Furthermore, the not-so-subtle insinuation that non-Calvinists would become Calvinists if they were smarter, or more biblical, or more theologically savvy is both obnoxious and insulting. So too unqualified claims that non-Calvinists are Arminians, semi-Pelagians, or even full-fledged Pelagians. If a Southern Baptist Calvinist can’t bear for Calvinism to be treated as a third-order doctrine that can be accepted, rejected, or modified (within boundaries) by any Southern Baptist, including SBC leaders and opinion-shapers, then he or she should consider partnering with other Baptist groups that are more uniformly Reformed in their soteriology.
Some SBC non-Calvinists need to tone down their rhetoric as well. The calls for Southern Baptists to “take a stand against” or “smoke out” Calvinists, the argument that unconditional election or (especially) limited atonement is “another gospel,” the equating of Calvinism with hyper-Calvinism, and the argument that Calvinists aren’t evangelistic are hurtful and (in the latter three cases) simply inaccurate. So too the argument that Calvinistic Southern Baptists are “more Presbyterian than Baptist.” Historically and confessionally, the SBC is broad enough to include everyone from five-pointers to one-pointers.
Also troubling is the argument by some that Christ-centered expositional preaching, an emphasis on the glory of God or the sovereignty of God, and Bible Study curricula that focus upon the gospel are somehow inherently Calvinistic (and thus bad). None of these concepts are, by definition, Calvinistic. Indeed, many non-Calvinists are firmly committed to each of these emphases because they are more about basic Christianity than incipient Calvinism. If a Southern Baptist non-Calvinist can’t bear for Calvinists to thrive and sometimes even serve as leaders in the SBC, then he or she should consider partnering with other Baptist groups that are more uniformly non-Calvinist in their view of salvation.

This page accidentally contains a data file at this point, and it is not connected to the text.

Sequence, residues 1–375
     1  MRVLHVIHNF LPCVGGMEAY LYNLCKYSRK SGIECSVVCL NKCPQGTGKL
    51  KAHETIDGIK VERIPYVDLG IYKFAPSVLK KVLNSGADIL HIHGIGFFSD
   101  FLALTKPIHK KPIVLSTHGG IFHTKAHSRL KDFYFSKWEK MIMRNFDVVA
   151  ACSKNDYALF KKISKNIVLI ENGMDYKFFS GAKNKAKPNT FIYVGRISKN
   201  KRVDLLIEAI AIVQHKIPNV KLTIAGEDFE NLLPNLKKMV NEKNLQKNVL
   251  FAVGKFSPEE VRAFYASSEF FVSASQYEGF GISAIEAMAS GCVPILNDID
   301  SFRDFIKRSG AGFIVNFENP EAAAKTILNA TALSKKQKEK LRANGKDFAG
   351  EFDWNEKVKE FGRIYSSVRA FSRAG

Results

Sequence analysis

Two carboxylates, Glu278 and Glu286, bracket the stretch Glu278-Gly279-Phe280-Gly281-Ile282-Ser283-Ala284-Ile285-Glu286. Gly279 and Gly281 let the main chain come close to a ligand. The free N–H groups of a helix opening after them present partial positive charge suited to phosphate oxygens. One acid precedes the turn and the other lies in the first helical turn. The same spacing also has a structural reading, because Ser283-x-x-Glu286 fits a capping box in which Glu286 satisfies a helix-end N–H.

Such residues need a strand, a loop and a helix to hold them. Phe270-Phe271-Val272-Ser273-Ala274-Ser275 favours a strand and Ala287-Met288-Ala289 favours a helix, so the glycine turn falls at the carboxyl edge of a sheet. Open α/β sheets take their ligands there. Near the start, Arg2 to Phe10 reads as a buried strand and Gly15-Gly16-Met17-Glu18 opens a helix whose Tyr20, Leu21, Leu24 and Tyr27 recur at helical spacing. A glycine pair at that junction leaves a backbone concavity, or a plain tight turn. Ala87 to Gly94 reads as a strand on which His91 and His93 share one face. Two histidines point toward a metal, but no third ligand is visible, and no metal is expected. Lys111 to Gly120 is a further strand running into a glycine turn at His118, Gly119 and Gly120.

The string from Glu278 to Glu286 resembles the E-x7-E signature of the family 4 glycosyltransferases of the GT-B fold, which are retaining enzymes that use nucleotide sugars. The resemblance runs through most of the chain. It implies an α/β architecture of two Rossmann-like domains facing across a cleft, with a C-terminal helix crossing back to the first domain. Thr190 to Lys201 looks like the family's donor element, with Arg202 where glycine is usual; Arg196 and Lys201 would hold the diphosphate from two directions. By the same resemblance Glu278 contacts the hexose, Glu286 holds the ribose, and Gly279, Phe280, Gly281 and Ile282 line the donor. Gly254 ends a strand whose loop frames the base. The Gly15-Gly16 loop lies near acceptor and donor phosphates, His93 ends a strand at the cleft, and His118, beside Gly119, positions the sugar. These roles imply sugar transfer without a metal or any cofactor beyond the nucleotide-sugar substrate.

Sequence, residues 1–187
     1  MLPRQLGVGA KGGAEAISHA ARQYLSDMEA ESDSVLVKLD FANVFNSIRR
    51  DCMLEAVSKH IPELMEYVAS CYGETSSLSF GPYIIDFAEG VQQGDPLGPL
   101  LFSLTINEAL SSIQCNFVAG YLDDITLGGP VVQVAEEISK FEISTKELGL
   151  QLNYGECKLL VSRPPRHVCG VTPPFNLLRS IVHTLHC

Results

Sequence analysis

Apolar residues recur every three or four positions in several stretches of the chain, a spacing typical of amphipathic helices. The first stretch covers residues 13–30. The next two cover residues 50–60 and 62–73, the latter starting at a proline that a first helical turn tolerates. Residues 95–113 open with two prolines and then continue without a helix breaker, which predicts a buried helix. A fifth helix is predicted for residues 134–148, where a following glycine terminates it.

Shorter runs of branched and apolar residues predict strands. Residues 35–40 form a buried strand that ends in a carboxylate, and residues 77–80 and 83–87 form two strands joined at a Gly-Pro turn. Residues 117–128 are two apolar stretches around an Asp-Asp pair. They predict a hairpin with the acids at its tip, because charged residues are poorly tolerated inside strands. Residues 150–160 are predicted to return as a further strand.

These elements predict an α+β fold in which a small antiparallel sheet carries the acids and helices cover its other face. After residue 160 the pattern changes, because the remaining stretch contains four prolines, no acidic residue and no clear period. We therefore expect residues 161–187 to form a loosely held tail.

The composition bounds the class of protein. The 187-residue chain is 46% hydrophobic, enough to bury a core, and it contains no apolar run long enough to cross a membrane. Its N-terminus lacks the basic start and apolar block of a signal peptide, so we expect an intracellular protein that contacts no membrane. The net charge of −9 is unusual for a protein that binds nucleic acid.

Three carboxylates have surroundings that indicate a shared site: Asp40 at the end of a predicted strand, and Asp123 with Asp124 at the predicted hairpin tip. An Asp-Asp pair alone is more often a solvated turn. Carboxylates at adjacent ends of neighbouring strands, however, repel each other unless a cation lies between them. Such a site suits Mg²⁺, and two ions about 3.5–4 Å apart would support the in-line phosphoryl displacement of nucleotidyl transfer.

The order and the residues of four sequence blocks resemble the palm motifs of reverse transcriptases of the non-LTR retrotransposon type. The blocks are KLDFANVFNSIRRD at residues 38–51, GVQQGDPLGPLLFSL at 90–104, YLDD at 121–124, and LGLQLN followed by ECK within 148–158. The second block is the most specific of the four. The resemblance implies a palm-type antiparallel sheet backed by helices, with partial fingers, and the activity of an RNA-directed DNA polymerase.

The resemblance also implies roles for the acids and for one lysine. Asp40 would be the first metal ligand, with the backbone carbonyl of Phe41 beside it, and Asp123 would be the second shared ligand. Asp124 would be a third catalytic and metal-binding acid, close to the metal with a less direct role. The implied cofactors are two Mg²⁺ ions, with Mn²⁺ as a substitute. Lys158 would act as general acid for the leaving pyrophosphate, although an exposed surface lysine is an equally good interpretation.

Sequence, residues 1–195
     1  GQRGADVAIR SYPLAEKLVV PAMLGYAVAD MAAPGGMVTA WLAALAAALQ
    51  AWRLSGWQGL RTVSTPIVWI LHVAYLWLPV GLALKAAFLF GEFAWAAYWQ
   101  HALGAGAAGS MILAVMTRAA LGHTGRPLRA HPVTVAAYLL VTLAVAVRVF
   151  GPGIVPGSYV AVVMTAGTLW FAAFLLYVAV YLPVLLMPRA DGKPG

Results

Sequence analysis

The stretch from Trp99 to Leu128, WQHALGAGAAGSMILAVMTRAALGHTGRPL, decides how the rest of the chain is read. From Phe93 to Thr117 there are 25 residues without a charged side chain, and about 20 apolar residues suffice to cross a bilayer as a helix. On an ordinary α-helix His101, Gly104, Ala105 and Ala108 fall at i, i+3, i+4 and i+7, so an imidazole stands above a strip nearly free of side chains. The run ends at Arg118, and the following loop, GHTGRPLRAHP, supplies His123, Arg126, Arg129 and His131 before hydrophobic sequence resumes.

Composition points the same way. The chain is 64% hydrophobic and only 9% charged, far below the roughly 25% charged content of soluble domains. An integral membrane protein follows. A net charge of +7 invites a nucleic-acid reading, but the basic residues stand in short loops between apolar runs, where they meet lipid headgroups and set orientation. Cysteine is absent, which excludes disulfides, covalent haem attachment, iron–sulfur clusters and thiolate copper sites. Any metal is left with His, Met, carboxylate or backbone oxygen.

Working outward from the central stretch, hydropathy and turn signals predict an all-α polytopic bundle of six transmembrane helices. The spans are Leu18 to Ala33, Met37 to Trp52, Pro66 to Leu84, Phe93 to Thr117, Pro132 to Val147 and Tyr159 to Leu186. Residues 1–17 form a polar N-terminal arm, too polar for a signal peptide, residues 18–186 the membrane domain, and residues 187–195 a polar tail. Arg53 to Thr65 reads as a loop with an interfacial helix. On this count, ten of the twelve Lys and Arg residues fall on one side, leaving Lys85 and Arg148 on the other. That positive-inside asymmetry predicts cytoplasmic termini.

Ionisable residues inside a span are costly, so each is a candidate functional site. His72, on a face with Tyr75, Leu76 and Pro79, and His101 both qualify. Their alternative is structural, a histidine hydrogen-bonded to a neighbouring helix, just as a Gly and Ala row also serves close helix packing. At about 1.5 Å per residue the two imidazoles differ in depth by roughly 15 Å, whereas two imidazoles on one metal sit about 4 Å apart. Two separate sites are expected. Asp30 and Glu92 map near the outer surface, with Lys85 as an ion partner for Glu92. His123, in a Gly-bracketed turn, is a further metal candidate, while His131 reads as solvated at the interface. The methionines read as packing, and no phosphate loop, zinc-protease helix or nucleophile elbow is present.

Please don’t misunderstand me. I believe this issue is important and worth discussing. In fact, I publicly called for more engagement of this issue at the Building Bridges conference in 2007 and the related book that was subsequently published. I’m all for a Christ-like family conversation among all interested Southern Baptists of good will. However, I sincerely believe this is not an issue worthy of denominational infighting or schism.
Last June, I wrote an essay titled “My Hope for Unity in the SBC.” In that essay, I argued that Southern Baptists should unite around four priorities for the purpose of cooperation: 1) biblical inerrancy; 2) an evangelical view of salvation; 3) a Baptist view of the church; 4) and a commitment to the Great Commission. I then wrote the following words:
I remain convinced that if we all agree to unite around these four priorities as they are framed in the Baptist Faith and Message, we can continue to live together and labor together as Southern Baptist Christians. We all need to be open to correction, maintaining a teachable spirit. We all need to forebear those who disagree with us over debatable matters. We need to focus the vast majority of our energies on the matters we share in common, not the issues upon which we disagree. And we need to demonstrate to the world that Southern Baptists care about more than simply fighting among ourselves and trying to win arguments.
Today, nearly twelve months later, I still stand by those words. It’s time for Southern Baptist Calvinists and non-Calvinists to take a deep breath, ratchet down the heated language, give each other the benefit of the doubt, and recommit to cooperating together for the sake of the Great Commission. Calvinism has been and needs to remain a tertiary issue in the SBC. Now let’s move forward together in advancing the gospel among people here, there, and everywhere.